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Good Bye Diet Coke: Hello Memory
My first diet soda memory is of the vending machine in the basement of my sorority house in 1972. Diet Doctor Pepper, which I purchased one can at a time to consume while sitting on the floor of somebody’s room or other, playing Yahtzee or Bridge. The empty cans were used for cigarette butts. I would go to the basement before both lunch and dinner, and that was my drink of choice during most meals.
I am not sure when I switched to Tab, but I can confidently say that by the time I moved to New York City in 1976, Tab was my constant companion. One of my roommates hoarded her Tab under her bed, so I became a common thief, often going under the bed at odd times when my supply was empty. I’m not proud of that, but an addict will do what she needs to do when she needs a fix at 1:00 a.m. Sorry Gail.
I have no idea when I switched to Diet Coke, which I have now been drinking for more than thirty-five years. I took it on the Concorde with me when I traveled with H2 (Husband #2) to Europe, where they only served regular Coke in the early eighties. I took it in my purse to the finest restaurants, where I would ask for a glass of ice and embarrass H2 by flicking the tab on the top of a can and pouring it at the table while everyone else downed glasses of 1969 Burgundy.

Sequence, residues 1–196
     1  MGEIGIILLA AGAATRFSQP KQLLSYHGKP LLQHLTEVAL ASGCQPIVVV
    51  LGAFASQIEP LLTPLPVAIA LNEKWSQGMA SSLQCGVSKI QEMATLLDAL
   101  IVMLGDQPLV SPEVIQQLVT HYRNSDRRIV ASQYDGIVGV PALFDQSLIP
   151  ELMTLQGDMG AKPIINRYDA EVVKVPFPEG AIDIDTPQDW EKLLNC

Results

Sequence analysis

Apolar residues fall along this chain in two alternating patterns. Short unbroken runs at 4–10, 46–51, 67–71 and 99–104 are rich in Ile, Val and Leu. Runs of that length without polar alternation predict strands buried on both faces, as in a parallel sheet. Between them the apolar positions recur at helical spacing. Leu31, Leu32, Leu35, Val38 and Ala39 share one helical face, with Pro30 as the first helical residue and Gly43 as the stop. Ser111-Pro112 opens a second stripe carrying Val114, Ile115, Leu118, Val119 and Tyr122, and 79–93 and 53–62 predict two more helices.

I’ve never had a glass of alcohol. Never even had a beer. When you tell people you have never had a drink, they look at you kindly because they think it’s code for you being an alcoholic. But Diet Coke was my drink of choice, and aspartame my addiction. No water either. No coffee.
My name is Christine, and I’m an Aspartame Addict.
I recently ran the numbers. Forty years. Five to ten cans a day. 73,000 to 146,000 cans of diet soda consumed by the now sixty-nine-year-old me. I may have spent a quarter of a million dollars over the years on Aspartame-loaded drinks. Wow. Gives a girl a moment to pause. Water is free.
My diet sodas have been with me through thick and thin. I drank diet soda the day Sarah was born. I drank it on my wedding day — both of my wedding days. I drank it at my dying mother’s bedside. I drank it at all of Sarah’s graduations. I drank it when others were drinking coffee, I drank it when others were drinking alcohol, and I drank it when I was happy, sad, scared, or enraged.
It’s odd, really, because I’m not a stick-to-things kind of girl. I’ve moved more than 50 times in my sixty-nine years. Two husbands. Scores of jobs, or as I like to call them, professional projects (I figured out in my thirties that I was a short-distance runner, and have been a consultant type of professional ever since). I change cars every two years, and I give away handbags as if they were Halloween candy. Carrying the same handbag day after day makes me crazy. What I’ve written here may make it look as though I have trouble with commitment, but I’m forever committed to my child, my friends, and my country. That never wavers. (I write that because I’m feeling defensive, but it’s true. Promise.)
The daily commitment I have kept is my loyalty to diet soda and aspartame. For more than forty years. Every day. Every meal. Every important moment.